When the Bush administration came in and Todd Dickinson left his post as director of the US Patent and Trademark Office, there were approximately 10,000 outstanding gene-based patent applications. Early patents of this type tended to be full-length sequences; now, most focus on ESTs or SNPs. Since April, Dickinson hangs his shingle at the law firm Howrey Simon Arnold and White, where he’s a partner dealing with IP. GT’s Meredith Salisbury caught up with him to find out about guidelines, evaluations, and patent pooling.
In a Congressional statement, you said: “One of the key tenets of our patent system is that it is technology-neutral; from gearshifts to genomics, it applies the same norms to all inventions in all technologies.” Why is that important?
Dickinson: Because the standard of patentability — whether something is novel, whether it is fully disclosed — is something we can apply universally. In the legal sense, certainly in the last 50 years, that has benefited the system by keeping a standard approach; politics didn’t matter.
How does the patent office evaluate genomic patent applications? What are some of their challenges?
Dickinson: We have over 500 PhDs in the patent office; most examiners are or do become experts in their field of examination.The current application process takes just under 24 months.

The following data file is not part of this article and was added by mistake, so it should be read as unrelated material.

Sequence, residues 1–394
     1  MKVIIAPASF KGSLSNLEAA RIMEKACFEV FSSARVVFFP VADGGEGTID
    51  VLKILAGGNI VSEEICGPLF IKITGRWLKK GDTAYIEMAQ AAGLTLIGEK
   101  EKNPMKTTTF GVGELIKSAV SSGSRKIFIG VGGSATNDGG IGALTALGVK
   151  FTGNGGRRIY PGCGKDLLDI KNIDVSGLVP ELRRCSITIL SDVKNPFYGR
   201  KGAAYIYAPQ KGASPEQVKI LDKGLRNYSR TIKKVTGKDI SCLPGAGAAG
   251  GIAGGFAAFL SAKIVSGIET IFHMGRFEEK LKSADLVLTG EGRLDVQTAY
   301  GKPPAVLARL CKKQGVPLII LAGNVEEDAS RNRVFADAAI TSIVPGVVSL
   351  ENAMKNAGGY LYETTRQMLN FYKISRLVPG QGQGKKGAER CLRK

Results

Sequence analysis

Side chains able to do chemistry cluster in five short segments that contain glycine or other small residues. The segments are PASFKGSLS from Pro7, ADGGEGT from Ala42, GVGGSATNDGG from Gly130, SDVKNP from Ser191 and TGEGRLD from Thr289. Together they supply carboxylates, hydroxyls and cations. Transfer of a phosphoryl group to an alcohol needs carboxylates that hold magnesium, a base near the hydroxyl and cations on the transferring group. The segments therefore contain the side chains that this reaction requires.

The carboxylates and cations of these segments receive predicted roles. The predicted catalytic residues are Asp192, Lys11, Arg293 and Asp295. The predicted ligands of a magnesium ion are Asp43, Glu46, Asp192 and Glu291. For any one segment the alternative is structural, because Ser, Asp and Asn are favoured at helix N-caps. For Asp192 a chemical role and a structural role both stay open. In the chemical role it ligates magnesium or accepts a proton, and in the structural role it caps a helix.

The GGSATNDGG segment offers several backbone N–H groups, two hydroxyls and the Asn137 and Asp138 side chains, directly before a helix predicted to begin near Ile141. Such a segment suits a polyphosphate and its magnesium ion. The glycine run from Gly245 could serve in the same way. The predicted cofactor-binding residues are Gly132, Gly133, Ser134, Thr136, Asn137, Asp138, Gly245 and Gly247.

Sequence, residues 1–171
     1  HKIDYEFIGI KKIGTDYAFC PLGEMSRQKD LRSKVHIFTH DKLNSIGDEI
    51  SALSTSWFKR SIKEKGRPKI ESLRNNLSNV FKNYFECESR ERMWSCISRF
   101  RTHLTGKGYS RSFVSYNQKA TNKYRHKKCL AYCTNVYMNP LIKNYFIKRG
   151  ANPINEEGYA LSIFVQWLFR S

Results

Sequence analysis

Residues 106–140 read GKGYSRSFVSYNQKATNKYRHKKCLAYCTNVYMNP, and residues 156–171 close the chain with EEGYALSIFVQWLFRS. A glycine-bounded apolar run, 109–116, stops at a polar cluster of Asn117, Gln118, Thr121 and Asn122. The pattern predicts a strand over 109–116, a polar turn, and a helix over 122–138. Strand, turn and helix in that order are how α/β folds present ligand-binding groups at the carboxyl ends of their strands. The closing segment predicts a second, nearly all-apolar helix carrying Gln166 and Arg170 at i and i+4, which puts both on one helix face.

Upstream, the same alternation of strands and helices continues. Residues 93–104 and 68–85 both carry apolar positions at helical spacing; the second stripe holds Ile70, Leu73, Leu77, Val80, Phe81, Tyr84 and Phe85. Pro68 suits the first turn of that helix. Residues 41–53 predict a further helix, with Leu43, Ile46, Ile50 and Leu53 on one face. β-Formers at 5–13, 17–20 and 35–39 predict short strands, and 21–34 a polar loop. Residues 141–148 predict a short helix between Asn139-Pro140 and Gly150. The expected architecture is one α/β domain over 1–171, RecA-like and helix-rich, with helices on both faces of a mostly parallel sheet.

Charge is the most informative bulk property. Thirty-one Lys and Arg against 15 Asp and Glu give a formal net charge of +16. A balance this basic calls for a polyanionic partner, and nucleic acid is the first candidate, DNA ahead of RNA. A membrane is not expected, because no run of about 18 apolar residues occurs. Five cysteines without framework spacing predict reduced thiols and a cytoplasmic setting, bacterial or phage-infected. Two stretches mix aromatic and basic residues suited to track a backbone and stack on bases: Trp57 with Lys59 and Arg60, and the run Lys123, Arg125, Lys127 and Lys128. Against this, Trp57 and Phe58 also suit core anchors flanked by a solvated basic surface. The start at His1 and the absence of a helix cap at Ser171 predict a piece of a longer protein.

The biggest challenge is in keeping up with the growth. So far, they’re keeping ahead of the patent applications. The office had one application recently filed that would have been 400,000 pages long if it were printed out. The fee revenue keeps being diverted — the Bush administration is proposing taking $207 million out of about $1.3 billion in revenue.
The time the patent office takes and the quality of the patents issued becomes compromised. Another recurring problem, for example, is that applicants fail to fully provide all of the sequence data. If people would take more care to submit the complete sequence data when they first file, that would significantly speed up the process.
The guidelines for gene-based patent applications were recently made more stringent. Why? Was it enough?
Dickinson: One of the key issues that was raised recently — on ESTs, for example — was whether the disclosed use was sufficient enough to meet the standard made under section 101. We had guidelines for the examiners which were revisited in view of some cases from the courts. We asked for public comment from the NIH and others. Many suggested that we take a more rigorous standard, which we did. Now, the use has to be substantial, specific, and credible.
There will also be test cases that will work their way up the system and through the courts to see whether these guidelines are sufficient. We raised the bar as far as we could based on case law. Utility is usually a low threshold.
From the patent perspective, what’s your outlook on this industry?
Dickinson: One possibility is patent pooling to ease the problem of patent layering, i.e. multiple licenses. The electronics industry has used that for a long time. There’s a real opportunity in the genomics industry to do the same thing, and I’m hopeful that that’ll happen. It’s usually led by the industry. If not, there may be room for the government itself to look into this.
I think genomics companies have to be very mindful of the public’s reaction. The public’s reaction — particularly in human genomics — is pretty visceral at this point. Fortunately, the major genomics players have been aware of this and have been very responsible. I’m more worried about the company that owns one or two patents that happen to be in a key area.